5 Must-Visit Historic Sites At Brimstone Hill Fortress National Park

Being a UNESCO World Heritage Site of cultural, historical and architectural, Brimstone Hill Fortress National Park is an incredible place where you can learn about architecture, slavery and engineering. Visitors will be taken back in time as they see the brilliance of British military engineers who designed it, and skill and strength of African slaves who built and maintained these important structures.

With over 10 resorted and ruined buildings including forts, and bastions, still standing, it is one of the best preserved historical fortifications in the Americas, and a must-visit for anyone who wants to know more about St Kitts. Here are five of historic sites not to miss when visiting Brimstone Hill Fortress National Park.

Fort George Citadel

The main area on Brimstone is Fort George Citadel. The citadel is played a significant role in getting the national park its UNESCO Heritage Site status. The construction of this amazing architectural building took place between 1789 and 1790, today it is one of the oldest and most well-preserved surviving examples of British Polygonal Fortification found anywhere in the world. It is currently home to Fort George Museum which gives visitors great insight into the fortress.Bell at the Citadel at Fort George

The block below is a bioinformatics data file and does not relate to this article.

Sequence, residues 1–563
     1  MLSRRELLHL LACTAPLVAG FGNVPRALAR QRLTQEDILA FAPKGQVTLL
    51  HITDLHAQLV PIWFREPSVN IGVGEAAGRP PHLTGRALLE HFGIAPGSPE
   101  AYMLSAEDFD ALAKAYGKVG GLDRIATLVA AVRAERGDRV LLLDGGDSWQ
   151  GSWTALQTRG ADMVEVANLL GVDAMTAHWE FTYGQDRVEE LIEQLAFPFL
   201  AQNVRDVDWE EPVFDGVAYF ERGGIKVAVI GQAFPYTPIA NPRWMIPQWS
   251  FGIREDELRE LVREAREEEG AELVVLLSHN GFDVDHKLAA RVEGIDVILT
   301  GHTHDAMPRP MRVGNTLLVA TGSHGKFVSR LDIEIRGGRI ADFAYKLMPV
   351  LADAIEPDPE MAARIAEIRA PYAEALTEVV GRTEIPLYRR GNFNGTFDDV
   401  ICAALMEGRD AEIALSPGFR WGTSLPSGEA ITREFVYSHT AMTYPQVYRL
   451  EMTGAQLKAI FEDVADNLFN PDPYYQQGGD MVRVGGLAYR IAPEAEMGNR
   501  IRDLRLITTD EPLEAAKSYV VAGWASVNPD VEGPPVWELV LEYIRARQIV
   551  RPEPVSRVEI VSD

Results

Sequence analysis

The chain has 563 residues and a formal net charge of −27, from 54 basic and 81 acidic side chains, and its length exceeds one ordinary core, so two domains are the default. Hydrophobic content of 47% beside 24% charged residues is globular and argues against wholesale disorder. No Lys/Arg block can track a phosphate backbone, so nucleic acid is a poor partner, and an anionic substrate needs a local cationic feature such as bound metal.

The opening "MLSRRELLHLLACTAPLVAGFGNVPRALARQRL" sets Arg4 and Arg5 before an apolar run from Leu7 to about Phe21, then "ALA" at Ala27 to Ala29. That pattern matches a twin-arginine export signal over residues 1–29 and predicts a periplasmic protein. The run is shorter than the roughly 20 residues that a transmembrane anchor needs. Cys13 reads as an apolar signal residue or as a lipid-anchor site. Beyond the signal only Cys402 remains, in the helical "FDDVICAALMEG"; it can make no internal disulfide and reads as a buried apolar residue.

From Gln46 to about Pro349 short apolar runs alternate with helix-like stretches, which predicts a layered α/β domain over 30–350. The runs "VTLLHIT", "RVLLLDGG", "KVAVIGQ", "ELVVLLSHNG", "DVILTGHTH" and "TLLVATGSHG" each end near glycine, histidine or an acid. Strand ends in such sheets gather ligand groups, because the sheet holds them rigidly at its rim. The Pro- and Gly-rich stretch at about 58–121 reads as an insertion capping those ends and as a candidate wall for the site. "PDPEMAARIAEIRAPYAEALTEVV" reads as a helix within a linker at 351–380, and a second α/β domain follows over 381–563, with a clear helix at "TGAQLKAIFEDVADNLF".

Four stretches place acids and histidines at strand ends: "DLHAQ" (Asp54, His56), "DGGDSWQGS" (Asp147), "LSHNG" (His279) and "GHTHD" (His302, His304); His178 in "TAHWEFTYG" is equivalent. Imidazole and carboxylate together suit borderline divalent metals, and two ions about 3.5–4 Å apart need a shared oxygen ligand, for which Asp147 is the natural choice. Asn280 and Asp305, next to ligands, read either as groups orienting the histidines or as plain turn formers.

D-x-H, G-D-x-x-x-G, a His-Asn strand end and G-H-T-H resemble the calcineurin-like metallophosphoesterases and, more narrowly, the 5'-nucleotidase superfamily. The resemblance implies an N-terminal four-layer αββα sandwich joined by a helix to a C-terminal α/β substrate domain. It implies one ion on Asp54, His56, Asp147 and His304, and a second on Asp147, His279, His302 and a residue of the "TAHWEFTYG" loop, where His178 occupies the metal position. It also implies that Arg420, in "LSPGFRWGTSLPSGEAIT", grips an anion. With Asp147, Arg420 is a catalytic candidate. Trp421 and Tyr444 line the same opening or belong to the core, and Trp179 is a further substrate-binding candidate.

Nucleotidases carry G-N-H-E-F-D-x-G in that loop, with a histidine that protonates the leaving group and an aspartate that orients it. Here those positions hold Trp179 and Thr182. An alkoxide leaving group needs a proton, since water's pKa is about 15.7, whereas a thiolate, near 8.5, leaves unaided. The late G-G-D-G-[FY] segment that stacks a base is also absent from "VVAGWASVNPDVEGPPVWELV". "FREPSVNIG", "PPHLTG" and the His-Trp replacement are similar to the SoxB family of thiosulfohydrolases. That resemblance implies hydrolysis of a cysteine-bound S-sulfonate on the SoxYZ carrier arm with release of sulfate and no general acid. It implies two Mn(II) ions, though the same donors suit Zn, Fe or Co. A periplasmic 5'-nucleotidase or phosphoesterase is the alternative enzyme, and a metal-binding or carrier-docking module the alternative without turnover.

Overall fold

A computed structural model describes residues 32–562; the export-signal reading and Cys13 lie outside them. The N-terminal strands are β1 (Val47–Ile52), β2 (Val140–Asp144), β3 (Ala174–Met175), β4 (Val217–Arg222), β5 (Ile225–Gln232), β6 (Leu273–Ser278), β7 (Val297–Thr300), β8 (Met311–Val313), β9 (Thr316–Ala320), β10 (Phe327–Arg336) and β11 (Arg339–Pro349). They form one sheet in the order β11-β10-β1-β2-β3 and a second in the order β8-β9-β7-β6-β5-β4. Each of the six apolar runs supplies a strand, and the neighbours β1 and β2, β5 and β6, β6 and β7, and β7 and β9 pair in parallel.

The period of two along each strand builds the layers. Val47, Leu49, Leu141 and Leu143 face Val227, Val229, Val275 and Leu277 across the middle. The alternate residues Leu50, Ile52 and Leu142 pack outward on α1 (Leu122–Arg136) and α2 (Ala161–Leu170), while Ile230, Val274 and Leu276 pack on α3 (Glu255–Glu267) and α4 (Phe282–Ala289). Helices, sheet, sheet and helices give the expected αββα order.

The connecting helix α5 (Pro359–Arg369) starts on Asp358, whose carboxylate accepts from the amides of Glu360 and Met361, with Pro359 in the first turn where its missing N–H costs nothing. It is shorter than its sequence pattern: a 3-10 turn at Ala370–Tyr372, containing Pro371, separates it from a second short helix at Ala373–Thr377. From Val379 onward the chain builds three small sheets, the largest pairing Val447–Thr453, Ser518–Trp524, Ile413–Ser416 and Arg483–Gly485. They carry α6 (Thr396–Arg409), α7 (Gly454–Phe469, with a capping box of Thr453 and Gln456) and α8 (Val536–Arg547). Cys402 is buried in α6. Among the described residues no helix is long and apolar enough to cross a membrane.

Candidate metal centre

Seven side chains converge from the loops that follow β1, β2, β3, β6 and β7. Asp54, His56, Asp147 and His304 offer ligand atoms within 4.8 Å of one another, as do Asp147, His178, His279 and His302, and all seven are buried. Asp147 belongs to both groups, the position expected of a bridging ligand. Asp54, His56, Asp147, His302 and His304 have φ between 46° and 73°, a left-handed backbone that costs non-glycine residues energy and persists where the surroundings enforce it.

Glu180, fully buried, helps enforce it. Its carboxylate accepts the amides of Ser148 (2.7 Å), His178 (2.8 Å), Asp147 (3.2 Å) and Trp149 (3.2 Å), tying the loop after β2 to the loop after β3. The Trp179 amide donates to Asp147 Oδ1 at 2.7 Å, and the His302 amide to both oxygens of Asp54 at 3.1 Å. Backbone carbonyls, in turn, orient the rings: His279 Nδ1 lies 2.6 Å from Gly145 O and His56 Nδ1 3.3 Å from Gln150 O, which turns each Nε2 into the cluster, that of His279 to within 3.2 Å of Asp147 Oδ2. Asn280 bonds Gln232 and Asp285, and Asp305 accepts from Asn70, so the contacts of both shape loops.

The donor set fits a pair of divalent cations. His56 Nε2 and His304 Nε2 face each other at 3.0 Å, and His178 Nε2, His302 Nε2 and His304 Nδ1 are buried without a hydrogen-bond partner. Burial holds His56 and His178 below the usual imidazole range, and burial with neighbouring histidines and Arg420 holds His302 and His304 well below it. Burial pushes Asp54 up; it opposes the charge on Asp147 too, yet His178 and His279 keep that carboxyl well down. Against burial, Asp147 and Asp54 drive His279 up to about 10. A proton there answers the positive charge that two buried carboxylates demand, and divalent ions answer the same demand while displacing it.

Artillery Officers Quarters and Cookhouse

Bell at the Citadel at Fort George

Located at the base of hill known as Fort Charlotte, this area was home to the officer in charge of artillery and his second in command. The officers lived in two storey rectangular masonry structure which today, even though it is ruins, is magnificent building with the massive arches on the ground floor. There is also a cookhouse which includes a 1800s restored stove where servants prepared officers meals.

Fort Charlotte

Bell at the Citadel at Fort George

Once home to a timber Governors House, today Fort Charlotte is just a grassy mound located south of the Parade which has become known as Monkey Hill. To access this area, visitors to the national park need to ascend a ramp which curves around the summit. The only evidence of the Governors House is in two painting done by Lieutenant James Lees of the Royal Engineers. Prints of these painting can be bought at the gift shop.

Barrier Redan

Bell at the Citadel at Fort George

Located to the front right of Magazine Bastion is Barrier Redan. Completed in 1799, this defensive feature of the area has gun positioned on its right facing the road which lead to its gate and the neighbouring hillsides. Barrier Redan like all of the other buildings in the national park played a huge role in protecting the British empire.

Prince of Wales Bastion

Bell at the Citadel at Fort George

Completed in the 1790s, the Prince of Wales Bastion was built as a defence work against enemies with armed forces who surround it. It was also capable of defending Fort Charles at a nearby coastal fort. Today this bastion is one of the most well-preserved area at the national park, and has some of the most beautiful views from the front of it. After restoration of the area Prince Charles opened the first restoration area that was Prince of Wales Bastion in the early 1990s.

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